E•Connections

For exhibit and event professionals  

Dilemma: What can I do when the help is no help?

March 5, 2012 By Editor

After years of begging, I finally have an assistant. The problem is “Belle” constantly asks me questions, her work is sloppy, and she has no respect for deadlines. If I let her go, I’m afraid it will reflect badly on my judgment since I interviewed and hired her. Should I fire her and risk losing face? Or is there some way I can get her to be a real help?

— Name withheld, Events Manager

It’s time for you to help her — and yourself

Letting Belle go may not be your best option. Besides the possibility management could doubt your judgment, they may decide there’s now no money in the budget for a new assistant.

For these reasons, among others, our readers think you should:

  • Find out why Belle fails.
  • Hold her accountable.

Find out why Belle fails

Belle’s failure to do her job to your satisfaction may not be due to her lack of ability but other factors.

An anonymous reader explains what some of these may be.

“Who’s managing and training Belle? Is she asking lots of questions because she possibly wasn’t given all of the information she needs to do the job, or it wasn’t clearly presented? Is her work sloppy because she wasn't clearly told how the work should be performed or presented? Is the reason she misses deadlines because of these reasons?

“Keep in mind people learn in different ways. Belle may function best when standard operating procedures are available. Or maybe she needs a ‘go-by’ that clearly shows how you expect things to be done.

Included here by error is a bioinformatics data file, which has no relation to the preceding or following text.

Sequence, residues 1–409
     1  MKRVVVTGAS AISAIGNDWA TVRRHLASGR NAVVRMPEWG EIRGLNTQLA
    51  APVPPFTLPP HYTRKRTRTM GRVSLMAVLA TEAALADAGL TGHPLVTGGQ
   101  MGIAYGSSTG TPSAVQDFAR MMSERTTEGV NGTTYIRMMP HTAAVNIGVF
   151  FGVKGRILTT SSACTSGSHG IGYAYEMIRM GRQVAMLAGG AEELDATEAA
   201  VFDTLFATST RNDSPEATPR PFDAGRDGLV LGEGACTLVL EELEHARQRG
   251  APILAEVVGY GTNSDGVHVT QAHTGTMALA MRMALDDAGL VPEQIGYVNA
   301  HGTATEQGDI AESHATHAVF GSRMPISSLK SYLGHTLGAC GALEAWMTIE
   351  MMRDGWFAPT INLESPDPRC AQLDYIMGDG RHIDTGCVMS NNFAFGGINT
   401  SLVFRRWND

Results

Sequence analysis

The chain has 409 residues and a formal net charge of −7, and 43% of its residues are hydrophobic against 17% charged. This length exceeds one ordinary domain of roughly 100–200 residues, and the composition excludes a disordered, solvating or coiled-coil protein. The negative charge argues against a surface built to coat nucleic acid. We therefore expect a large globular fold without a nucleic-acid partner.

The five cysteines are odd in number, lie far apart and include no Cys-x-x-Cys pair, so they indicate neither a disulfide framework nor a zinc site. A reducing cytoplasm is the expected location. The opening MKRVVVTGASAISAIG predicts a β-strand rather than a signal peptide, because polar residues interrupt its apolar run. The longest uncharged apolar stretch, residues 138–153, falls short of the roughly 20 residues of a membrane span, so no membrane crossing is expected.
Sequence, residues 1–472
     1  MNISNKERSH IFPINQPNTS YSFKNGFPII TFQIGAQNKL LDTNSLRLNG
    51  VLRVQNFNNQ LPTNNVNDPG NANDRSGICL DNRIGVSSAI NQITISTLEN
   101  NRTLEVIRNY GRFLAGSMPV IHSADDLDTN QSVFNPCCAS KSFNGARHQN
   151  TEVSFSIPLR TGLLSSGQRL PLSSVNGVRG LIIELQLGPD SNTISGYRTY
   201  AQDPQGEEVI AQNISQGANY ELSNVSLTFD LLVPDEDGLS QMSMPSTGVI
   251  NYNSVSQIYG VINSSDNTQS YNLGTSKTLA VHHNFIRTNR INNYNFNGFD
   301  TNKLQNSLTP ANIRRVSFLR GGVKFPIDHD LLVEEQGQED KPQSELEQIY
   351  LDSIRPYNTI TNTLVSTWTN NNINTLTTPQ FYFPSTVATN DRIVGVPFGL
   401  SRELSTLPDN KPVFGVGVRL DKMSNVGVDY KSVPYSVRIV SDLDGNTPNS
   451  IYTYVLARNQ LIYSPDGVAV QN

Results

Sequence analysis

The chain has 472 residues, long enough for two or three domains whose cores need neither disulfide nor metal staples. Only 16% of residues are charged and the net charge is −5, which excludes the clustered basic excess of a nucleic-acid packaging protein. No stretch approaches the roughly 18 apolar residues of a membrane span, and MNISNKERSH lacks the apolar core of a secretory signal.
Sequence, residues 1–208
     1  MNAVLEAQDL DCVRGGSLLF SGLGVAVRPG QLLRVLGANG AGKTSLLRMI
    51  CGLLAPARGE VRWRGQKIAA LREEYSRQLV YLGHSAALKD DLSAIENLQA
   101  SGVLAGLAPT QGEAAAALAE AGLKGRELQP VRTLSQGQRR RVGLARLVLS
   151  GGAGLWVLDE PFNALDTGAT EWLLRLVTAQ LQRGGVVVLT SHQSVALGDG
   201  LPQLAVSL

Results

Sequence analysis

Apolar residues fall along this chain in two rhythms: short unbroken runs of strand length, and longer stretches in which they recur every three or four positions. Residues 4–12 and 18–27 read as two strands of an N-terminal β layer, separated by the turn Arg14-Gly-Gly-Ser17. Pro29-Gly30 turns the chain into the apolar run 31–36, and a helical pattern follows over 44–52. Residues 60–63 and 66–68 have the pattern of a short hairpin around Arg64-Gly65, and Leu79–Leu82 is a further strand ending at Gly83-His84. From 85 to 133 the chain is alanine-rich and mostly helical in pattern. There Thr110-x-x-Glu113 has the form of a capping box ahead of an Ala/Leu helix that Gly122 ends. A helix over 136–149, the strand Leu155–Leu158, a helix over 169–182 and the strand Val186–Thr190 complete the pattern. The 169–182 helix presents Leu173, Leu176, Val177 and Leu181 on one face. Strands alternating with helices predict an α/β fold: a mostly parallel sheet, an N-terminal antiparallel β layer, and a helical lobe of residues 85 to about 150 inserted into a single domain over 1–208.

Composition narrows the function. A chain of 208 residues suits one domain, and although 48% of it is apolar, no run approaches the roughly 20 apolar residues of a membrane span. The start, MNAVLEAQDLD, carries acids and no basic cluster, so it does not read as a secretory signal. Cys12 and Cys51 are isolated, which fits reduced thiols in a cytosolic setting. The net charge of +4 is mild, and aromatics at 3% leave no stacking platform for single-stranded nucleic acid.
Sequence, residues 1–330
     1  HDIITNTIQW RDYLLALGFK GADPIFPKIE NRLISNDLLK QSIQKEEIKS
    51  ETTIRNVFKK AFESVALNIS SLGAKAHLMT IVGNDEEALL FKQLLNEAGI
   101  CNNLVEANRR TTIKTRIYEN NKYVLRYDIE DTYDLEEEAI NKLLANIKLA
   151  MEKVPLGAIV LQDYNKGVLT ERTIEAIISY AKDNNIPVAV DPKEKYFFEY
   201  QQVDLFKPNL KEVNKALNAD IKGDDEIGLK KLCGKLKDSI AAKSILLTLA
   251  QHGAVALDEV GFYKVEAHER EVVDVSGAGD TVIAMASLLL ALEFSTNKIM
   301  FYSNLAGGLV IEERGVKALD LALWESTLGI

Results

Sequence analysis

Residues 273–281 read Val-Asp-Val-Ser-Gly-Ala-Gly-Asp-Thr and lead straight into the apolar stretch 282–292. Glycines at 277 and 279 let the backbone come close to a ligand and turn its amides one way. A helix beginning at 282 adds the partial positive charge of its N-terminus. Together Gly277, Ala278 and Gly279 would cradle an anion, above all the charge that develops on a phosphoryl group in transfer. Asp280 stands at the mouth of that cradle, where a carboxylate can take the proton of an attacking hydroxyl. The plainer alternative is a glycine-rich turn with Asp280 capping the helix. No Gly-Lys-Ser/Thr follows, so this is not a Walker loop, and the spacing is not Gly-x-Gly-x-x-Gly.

“Spend some time figuring out what motivates Belle (i.e., praise, special projects, letting her be creative, etc.), and be flexible where you can so she can be creative and feel like she’s contributing. It’d be much better to work with Belle and help her become the assistant you need than firing her and having to start over with someone new … if your company gives you the opportunity to hire another assistant.”

Hold her accountable

On the other hand, Belle was supposed to be a qualified professional when you hired her. So, it’s not unreasonable to expect her to improve her performance through her own efforts.

An associate marketing manager supports this “individual responsibility” approach.

“Before you let Belle go, put together an Issues and Expectations document and set up a meeting with her to discuss the things you’re having trouble with. Give specific examples of the issues. (Categorize if there are common threads, such as communication or professionalism.)

“Explain the impact of each issue on you and the company overall, and provide your expectations moving forward. Give her a week to come back with her proposed plan to resolve each issue. Then, make sure you hold her accountable for each issue, and point out right away if she slips.

“If you go through this process, and she still isn’t a good fit, you have a good case to let her go. Moreover, you’ll have proof to send to your management team that you did everything in your power to help guide her along.”








Comments

  • I think this events manager should see this as a mentoring opportunity. Although she’s busy with her own work, she could take an hour or so to make up a list of how Belle’s falling down on the job and do an Internet search for articles that address these deficiencies. Then, she could meet with Belle, discuss her concerns and present the articles to her.

    Suggesting that Belle go to the next EXHIBITOR conference might be a good idea, too, especially if she points out which educational sessions would be the best for Belle.

    Do you have any other ideas for how this manager can help her assistant? Or do you think she should just cut her losses and let her assistant go?

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